Steve Harvey, the star of The Steve Harvey Show, is the master of ceremonies for the show. Unlike his sitcom character, Harvey's on-stage routines use a significant amount of profanity; as the show's M.C., Harvey is given three short sets instead of one long one.
The finale of Harvey's sets finds him heckling a member of the audience by stealing his coat while he is away from his seat, and remarking that the "thuggish"-looking young man couldn't possibly be in the field of "computer technology" that he claims he is. Harvey also covers his experiences growing up in the church, calling out the ineffectiveness of the typical black church "building fund", and recollecting his mother's friend Sister Odelle's profane language and befuddled attempts to sing a church hymn (interspersed with lyrics from television show theme songs).
Harvey's first set is followed by D. L. Hughley, the star of The Hughleys. He talks about family, specifically Black-American family with roots in the South. He exploits the differences between black people and white people; for example, Hughley notes that black people don't skydive or do other dangerous physical activities because they experience enough peril just trying to get through an average day. "Bungee jumping," he says. "That's too much like lynchin' for us!" He also talks about "helicopter man", a game he and his wife play in bed, and some skid-marked undergarments that he tried to hide at the bottom of his dirty clothes.
Cedric the Entertainer (Harvey's co-star on The Steve Harvey Show) presents himself as the most in-tune with the younger demographic, and goes through a number of topics during his routine. Primary among these is his embellishment of the differences between the "hope factor" and the "wish factor": white people "hope" that nothing goes wrong, and black people "wish" someone would start trouble so that they can retaliate. Cedric acknowledges that he is now a "grown-ass man", and can no longer call his friends by their "lil' nicknames" or engage in other such immature behavior.
He discusses how angry a black president might become if a Monica Lewinsky question were posed at a news conference, and also goes into routines about smoking, black athletes' expansion into golf, tennis, and other sports, what a "ghetto-ass wedding" would be like, and black people's eventual migration to the moon. Also his love for Jamaican music and how in their music they solve a simple problem.
Bernie Mac is the most autobiographical of the group. He turns his comedy on himself. He uses short, punchy attacks to make his point about his decreased sex drive and desire for quick sex instead of longer periods of intercourse. Mac's longest routines involve his hard-nosed style of child-rearing, where he makes no qualms about "fucking a kid up" if he needs to. He goes into an extended routine about the stress of raising his sister's children for her while she recovers from drugs [Mac did not actually have a sister; this was part of the routine], and tells of a run-in he had with his two-year-old niece and his effeminate six-year-old nephew, whom he refers to repeatedly as "the faggot" (Mac's routine about his sister's kids later became the basis of his Fox Network family comedy The Bernie Mac Show).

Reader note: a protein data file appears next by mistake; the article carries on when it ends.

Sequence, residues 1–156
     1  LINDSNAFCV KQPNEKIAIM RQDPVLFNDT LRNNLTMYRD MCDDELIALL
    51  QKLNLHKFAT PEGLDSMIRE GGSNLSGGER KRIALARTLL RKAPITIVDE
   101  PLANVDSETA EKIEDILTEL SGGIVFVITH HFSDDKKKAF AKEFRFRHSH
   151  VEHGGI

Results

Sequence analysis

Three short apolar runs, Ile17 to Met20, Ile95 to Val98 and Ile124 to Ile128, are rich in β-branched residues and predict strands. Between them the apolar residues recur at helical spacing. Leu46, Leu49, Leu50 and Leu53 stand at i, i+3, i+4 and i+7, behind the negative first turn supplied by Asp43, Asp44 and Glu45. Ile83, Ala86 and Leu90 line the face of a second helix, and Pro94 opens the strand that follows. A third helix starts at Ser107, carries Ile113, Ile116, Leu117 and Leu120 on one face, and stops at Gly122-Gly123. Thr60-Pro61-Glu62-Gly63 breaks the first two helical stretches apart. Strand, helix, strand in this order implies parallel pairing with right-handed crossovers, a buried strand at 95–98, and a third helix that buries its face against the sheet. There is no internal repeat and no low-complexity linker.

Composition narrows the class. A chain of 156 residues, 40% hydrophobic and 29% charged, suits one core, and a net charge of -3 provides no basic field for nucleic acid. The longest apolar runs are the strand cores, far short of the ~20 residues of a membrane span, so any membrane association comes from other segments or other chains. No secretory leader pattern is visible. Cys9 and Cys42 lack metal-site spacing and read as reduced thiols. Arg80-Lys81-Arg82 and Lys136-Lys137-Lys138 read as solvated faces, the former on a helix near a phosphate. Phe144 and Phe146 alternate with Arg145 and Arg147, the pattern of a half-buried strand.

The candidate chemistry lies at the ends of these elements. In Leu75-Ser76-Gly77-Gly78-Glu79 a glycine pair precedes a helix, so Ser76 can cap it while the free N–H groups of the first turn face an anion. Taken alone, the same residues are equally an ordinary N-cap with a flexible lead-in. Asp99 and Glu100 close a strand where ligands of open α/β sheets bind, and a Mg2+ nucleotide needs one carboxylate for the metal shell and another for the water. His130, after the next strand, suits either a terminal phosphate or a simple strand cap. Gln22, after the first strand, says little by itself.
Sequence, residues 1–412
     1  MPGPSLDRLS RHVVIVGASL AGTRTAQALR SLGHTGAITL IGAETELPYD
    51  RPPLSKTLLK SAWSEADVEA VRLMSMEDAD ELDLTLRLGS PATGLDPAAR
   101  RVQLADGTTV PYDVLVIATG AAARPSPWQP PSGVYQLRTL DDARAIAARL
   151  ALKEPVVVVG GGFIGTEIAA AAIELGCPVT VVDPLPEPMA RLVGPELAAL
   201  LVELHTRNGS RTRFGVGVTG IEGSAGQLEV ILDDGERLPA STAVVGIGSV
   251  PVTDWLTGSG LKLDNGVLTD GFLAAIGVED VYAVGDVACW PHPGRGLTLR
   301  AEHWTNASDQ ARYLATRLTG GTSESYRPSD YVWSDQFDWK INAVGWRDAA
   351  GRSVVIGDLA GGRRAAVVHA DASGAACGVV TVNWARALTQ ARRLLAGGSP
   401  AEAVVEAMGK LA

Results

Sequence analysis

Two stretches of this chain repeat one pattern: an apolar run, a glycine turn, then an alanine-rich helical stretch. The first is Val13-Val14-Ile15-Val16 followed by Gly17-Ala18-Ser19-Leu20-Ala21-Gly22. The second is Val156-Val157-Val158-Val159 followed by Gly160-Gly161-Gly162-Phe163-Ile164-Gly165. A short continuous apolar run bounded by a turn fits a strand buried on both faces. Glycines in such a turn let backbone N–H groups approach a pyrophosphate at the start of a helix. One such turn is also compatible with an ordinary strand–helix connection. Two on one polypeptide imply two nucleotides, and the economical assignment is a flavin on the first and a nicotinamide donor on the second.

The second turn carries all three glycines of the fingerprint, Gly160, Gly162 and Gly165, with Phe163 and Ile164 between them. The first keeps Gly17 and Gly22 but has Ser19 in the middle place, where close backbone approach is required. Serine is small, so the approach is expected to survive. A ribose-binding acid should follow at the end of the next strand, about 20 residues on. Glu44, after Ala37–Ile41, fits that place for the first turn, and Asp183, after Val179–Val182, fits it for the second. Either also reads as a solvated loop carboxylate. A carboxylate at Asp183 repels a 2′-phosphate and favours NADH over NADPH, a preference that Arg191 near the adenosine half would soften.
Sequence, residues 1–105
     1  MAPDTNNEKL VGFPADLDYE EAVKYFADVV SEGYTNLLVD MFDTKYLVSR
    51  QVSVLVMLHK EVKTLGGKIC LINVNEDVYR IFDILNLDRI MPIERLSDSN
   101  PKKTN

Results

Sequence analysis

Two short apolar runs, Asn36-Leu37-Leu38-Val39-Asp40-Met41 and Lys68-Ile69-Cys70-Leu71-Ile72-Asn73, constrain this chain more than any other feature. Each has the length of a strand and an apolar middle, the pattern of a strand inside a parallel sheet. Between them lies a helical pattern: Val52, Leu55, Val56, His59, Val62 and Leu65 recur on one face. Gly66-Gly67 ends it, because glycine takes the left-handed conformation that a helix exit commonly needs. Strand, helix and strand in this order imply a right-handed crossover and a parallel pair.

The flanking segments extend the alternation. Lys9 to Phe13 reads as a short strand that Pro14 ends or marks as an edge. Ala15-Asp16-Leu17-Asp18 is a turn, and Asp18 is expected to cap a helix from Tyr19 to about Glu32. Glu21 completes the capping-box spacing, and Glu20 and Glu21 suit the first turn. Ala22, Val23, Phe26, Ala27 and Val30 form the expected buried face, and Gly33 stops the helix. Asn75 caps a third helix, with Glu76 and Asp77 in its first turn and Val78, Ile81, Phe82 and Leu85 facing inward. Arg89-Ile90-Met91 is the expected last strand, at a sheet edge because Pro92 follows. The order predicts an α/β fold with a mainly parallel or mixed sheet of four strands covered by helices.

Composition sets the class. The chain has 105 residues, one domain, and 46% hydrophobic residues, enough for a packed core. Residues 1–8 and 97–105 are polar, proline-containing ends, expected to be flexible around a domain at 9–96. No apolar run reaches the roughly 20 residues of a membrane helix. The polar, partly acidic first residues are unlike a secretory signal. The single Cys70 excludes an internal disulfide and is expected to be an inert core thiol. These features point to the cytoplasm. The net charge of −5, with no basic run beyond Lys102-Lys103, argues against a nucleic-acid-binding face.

He then tells a story about his mentally challenged nephew and his bouts with his bus driver; according to Mac, when the bus would come, his nephew would attempt to ask a question, but would immediately start stuttering, frustrating the bus driver and prompting him to drive off without picking him up. This continues the next few days, and Mac's aunt confronts the bus driver, asking why he was "denying [her son's] 'edumacation.'" The bus driver begins to stutter exactly like Mac's nephew, then proclaims "he was teasin' me!". The set, and the film, are concluded with Mac's piece on the ubiquity of the swear word "motherfucker", which he describes as "a noun: a person, place or thing," and then, as noted by New York Times reviewer Elvis Mitchell, "proceeds to give the heft of an adjective and even transforms it into a split infinitive." He can be seen on the archive footage on Harvey's eponymous talk show. The show also reunited with Harvey without Mac as well as paying tribute to him, which aired in November 2016.
Rotten Tomatoes gives the film a "Certified Fresh" rating and a score of 86% based on reviews from 88 critics.
The Original Kings of Comedy was produced on an estimated $3,000,000 budget. On its opening weekend, it grossed a total of $11,053,832 on only 847 screens, averaging to about $13,051 per venue and ranking as the second highest-grossing film that weekend behind only The Cell. It eventually grossed a total of $38,168,022 at the box offices.
This film was released on DVD on February 27, 2001 and distributed by Paramount Home Video. Bonus features on the DVD include the music video "#1 Stunna" by Big Tymers, Kings On The Town featurette, and bonus scenes.
A soundtrack containing performances from the film and hip hop was released on August 22, 2000 by Universal Records. It peaked at #50 on the Billboard 200 and #15 on the Top R&B/Hip-Hop Albums.
Awards and nominations
2001 NAACP Image AwardsOutstanding Motion Picture (nominated)
2001 Chicago Film Critics Association AwardBest Documentary (nominated)
The popularity of this movie inspired spin-offs, including The Queens of Comedy, The Original Latin Kings of Comedy, Blue Collar Comedy Tour, The Kims of Comedy, The Comedians of Comedy and The Killers of Comedy